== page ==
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Frank Hammitt Memorial 1869-1903

I’m here to set the record straight.  And although a page on the Shoshone Forest Service website has it correct, I’ve heard a lot of tall tales since I’ve been here about what exactly happened to Frank Hammitt, one of the first forest rangers in Sunlight. If you see Antelope butte from Dead Indian pass, its an amazing formation.  Perfectly flat, its accessible only from its north side, which is now on private land.  I understand that buffalo were run off its edge by Indians. A friend of mine found a very old skull once in the woods below.

Antelope Butte

The ‘stories’ I heard when I first moved here about Frank were that he 1. committed suicide by jumping off the side of the butte or 2. it was a very foggy night.  Frank was riding his horse on the top of the butte, didn’t see the edge, and fell to his death, horse and all or 3.  he was drunk and fell of Antelope Butte on a foggy wintery night.

another view

My neighbor who was born in 1923 and grew up in the valley told me this story:

“My grandpa and dad knew Frank.  They found his horse wandering around.  Whenever you see someone’s horse, you know you better start looking for them.  They found Frank on a ledge over the cliff on the Russell Creek side near the canyons’ edge.  There was a pile of smoked cigarettes on a rock nearby.  Hard to say what happened.  No one knows.  He was pretty ripe.  Been there a while.  Pretty ripe.”

J___ shows me a photo.  There’s a large box, coffin like, without a lid.  The box is butted up against the side of a large boulder,  wedged between several other large rocks.  A pile of smaller rocks sits to the side. There’s no bottom to the box and some old bones sat inside that looked like an elk pelvis.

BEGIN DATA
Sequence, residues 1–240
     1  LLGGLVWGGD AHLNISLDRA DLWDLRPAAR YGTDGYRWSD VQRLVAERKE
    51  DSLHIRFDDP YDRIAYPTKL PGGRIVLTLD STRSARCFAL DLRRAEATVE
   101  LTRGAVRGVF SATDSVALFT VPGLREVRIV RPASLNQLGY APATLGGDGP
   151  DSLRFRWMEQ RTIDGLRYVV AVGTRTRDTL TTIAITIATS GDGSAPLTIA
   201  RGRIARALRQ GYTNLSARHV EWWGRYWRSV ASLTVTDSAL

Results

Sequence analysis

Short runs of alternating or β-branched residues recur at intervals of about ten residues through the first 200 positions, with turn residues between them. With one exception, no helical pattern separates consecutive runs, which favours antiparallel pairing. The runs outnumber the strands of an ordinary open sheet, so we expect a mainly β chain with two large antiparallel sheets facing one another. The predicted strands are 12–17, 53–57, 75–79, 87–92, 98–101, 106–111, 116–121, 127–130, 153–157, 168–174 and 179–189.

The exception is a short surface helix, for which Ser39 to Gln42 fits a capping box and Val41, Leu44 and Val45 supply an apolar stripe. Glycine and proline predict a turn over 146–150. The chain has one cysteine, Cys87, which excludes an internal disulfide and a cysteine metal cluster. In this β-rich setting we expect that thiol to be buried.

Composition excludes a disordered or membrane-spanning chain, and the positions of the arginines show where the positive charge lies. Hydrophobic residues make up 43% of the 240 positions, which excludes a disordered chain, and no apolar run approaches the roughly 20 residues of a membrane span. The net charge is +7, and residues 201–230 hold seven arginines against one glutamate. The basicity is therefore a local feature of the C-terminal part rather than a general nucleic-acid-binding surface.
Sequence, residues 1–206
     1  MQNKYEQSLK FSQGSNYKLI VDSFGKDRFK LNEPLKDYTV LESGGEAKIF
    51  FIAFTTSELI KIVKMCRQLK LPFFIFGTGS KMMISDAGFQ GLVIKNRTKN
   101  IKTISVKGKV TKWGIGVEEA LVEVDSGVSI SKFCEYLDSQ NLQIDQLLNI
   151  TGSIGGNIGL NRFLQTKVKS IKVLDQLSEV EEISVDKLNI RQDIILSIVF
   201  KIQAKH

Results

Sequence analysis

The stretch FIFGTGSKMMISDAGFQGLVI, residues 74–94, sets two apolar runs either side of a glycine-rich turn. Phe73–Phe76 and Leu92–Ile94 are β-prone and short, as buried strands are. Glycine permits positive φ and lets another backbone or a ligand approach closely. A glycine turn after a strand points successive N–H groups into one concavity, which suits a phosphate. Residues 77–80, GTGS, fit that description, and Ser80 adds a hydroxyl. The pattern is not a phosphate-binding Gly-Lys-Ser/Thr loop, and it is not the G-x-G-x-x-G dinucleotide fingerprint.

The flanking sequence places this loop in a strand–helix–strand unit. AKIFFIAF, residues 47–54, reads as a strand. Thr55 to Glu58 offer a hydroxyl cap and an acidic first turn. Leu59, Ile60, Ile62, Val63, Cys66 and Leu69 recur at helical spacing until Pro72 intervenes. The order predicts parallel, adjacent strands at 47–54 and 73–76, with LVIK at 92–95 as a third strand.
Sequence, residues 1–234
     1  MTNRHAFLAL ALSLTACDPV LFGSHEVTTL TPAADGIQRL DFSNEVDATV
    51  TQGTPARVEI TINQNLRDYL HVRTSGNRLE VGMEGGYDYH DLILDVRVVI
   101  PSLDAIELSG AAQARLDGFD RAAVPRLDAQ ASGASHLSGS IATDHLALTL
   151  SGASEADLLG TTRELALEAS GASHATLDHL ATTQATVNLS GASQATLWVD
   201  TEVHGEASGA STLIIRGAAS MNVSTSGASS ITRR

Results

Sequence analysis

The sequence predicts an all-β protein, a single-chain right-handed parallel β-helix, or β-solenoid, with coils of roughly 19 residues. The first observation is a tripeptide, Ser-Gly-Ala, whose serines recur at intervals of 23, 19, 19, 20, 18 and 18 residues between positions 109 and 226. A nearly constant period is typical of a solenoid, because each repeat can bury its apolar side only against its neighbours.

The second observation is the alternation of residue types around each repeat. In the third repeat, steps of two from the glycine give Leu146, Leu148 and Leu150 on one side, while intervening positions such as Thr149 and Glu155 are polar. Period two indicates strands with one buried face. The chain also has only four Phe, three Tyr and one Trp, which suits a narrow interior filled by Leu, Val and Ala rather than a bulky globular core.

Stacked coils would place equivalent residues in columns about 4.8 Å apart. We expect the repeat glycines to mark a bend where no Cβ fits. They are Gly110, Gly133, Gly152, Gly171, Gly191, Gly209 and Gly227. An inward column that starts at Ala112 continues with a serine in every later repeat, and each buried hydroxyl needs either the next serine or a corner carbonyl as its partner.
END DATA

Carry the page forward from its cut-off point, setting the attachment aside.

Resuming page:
“That’s where Frank’s body was.  Its really a wagon box. They covered it and put rocks over the top.  Down by the cliffs on the Russell creek side.  You can still see the wood down there if you can find it.  I was young then and my dad used to say to us ‘You boys just stay away from that box.  Don’t git near there’. After some time, a fellow living on the other side of the road where the highway department is now, well, he decided that Frank needed a more proper burial.  So he took his wagon down there, collected Franks’ bones.  And you know, he didn’t get them all.  There’s still some bones in there.  But he collected them and brought them up in the wagon to the place where the memorial is now.  He buried the bones there, stuck two posts in the ground.”

“That was around 1938, and so the CCC (Civilian Conservation Corps) was around and they built that memorial that’s there now.  Folks will tell all sorts of stories, they like to talk about Frank dying by falling off the butte.  But that just not what really happened, and here’s the picture to prove it.”

See the flat butte in the middle. From Dead Indian pass

I suppose next summer, or maybe this winter, I’ll just have to go looking around for that old box. The lumber is still around to prove it.  And when I find it, I’ll post the photo for you to see.

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5 Responses

  1. We were told by an old rancher that he rode his horse over the edge in a blinding snow storm. Since the Shoshone Forest web page says Hammitt died in July, that sure wouldn’t be likely.

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  2. Exactly what I too was hearing, from my realtor, from locals. My neighbor told me that even a local cody historian had it wrong until he took him to the original coffin by the rock. Well, that’s how stories get made; the bar is usually a good place to begin.

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  3. nice job getting the story right Leslie! John

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  4. Hi John, thinking of you because I just read a four part article on the Bannock trail in Yellowstone reports. The author said that much of the eastern half they got wrong. That they confused a miner trail for the Bannock trail. If you want, I’ll send the link. Best, Leslie

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  5. […] going to revisit an old post about Frank Hammitt.  In my previous post I told the story of how old Frank really died.  Frank Hammitt worked for […]

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